Editor’s Note: It was brought to my attention over the past week that while I often write about finding a job/career/life you love, I rarely, if ever, write about the opportunity to love the job/career/life you already have. It was an excellent point, and I am excited to share with you several ways we can start loving our job today, no matter how we felt about it yesterday.
The difference between loving the work we do and being passionate about our job and career
I find it important first to hit on a key difference between loving every minute of the work we do vs. being passionate about our job and career.
Loving the work we do means enjoying every task in which we take part. Being passionate about our work means we understand how a given task fits into the pursuit of our passion.
Would you rather have a job in which you love every task, but are not passionate about the end result… or a job where you have to work hard towards an end about which you are extremely passionate?
I would prefer to be passionate about the end result, the company for whom I am working, or the people/customers I serve than be passionate about every single task which my work requires.
Hindsight is 20/20
Inevitably, almost all of us will look back at how we ended up in a job and wonder if we could have done something different to be happier, more fulfilled, or to put our talents to work in a better way. It’s hard not to think this way – after all, hindsight is always 20/20. I found myself in this exact position when I began to think deeply about my first job.
My solution was to change careers completely and venture out on my own. However, jumping ship is not the best solution for everyone, and I certainly wouldn’t recommend that everyone quits their job the moment the task at hand gets difficult or we feel we are stuck in a rut.
So, what’s the alternative? Here are three ways to shift our thinking today to start becoming more passionate about our jobs and careers.
Everyone has a story
. Annoying bosses, amazing bosses, leaders in the organization, and water-cooler gossipers. Every last one of them. A good place to start our quest in becoming more passionate: how many of those stories do we know?
Relationships have been one of the most rewarding aspects of my life for a very long time now. They make my personal life more fulfilling, they were a key aspect of my first job, and I continue to make time to build relationships now that I have started my own business.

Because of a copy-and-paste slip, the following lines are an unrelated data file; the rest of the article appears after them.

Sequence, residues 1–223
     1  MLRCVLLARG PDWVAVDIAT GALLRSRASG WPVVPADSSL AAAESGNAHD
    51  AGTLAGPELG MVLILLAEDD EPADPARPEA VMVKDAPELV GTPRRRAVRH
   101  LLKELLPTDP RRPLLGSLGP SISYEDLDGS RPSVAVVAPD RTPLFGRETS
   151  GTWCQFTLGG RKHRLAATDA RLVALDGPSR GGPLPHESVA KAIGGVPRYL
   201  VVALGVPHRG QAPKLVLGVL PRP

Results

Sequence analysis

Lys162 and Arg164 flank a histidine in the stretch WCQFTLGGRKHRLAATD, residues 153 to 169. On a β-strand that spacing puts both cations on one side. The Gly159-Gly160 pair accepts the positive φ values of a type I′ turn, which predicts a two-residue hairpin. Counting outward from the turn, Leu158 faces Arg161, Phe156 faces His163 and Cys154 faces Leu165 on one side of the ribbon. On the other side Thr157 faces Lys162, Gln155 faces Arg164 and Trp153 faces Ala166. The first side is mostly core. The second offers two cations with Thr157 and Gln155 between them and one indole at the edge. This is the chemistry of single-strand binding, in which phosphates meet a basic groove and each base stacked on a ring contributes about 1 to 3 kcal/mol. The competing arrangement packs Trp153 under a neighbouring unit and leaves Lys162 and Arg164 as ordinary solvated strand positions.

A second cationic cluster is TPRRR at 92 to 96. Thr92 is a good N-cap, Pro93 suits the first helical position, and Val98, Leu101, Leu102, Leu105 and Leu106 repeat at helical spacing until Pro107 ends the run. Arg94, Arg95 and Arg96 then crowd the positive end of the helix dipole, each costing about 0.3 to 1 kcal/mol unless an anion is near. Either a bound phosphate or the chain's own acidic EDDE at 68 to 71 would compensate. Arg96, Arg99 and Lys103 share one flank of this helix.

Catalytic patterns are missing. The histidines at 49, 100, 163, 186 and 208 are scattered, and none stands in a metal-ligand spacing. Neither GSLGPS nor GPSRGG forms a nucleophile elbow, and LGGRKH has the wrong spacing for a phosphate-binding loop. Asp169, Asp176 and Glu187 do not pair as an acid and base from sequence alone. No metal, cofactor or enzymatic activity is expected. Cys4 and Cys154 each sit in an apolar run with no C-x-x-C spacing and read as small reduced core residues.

I love relationships for several main reasons:
1) I find that I learn in two main way
s: by listening to the experiences of others and by reading. Building relationships and asking the right questions has taught me more than all of my formal education combined.
2) I have always found it amazing how new doors open as we broaden our network and become close with more people. Nearly all of my personal and professional success has been a result, either directly or indirectly, of building meaningful relationships.
3) This is most important. Relationships are personally enriching. For both sides. When we reach out to others without the intent to ask for something, but rather to offer help, build a friendship, or learn, everyone involved gains from the experience. I have had multiple mentors tell me they enjoy spending time with me and are happy to have my friendship. I don’t have much to offer aside from a genuine interest in their lives and a listening ear. And yet they still enjoy our time together.
Who do you know, or know of, in your organization you would like to get to know better? Who do you not understand? Who annoys you? Whether it is the CEO, the person who talks too loud on the phone in the cubicle next door, or one of your favorite co-workers, think about those people that you would like to know or understand better and then reach out to them. Find out how to get time on their schedule. (If it’s the CEO, it might be tough, but stay tuned for a post on getting to the CEO.)
When we make work more personal by forming face-to-face relationships with as many people as possible, the job becomes less tedious, and our work becomes more meaningful… Why? Because now we are working with and for people whom we understand and about whom we care.
Focus on what we love and become an expert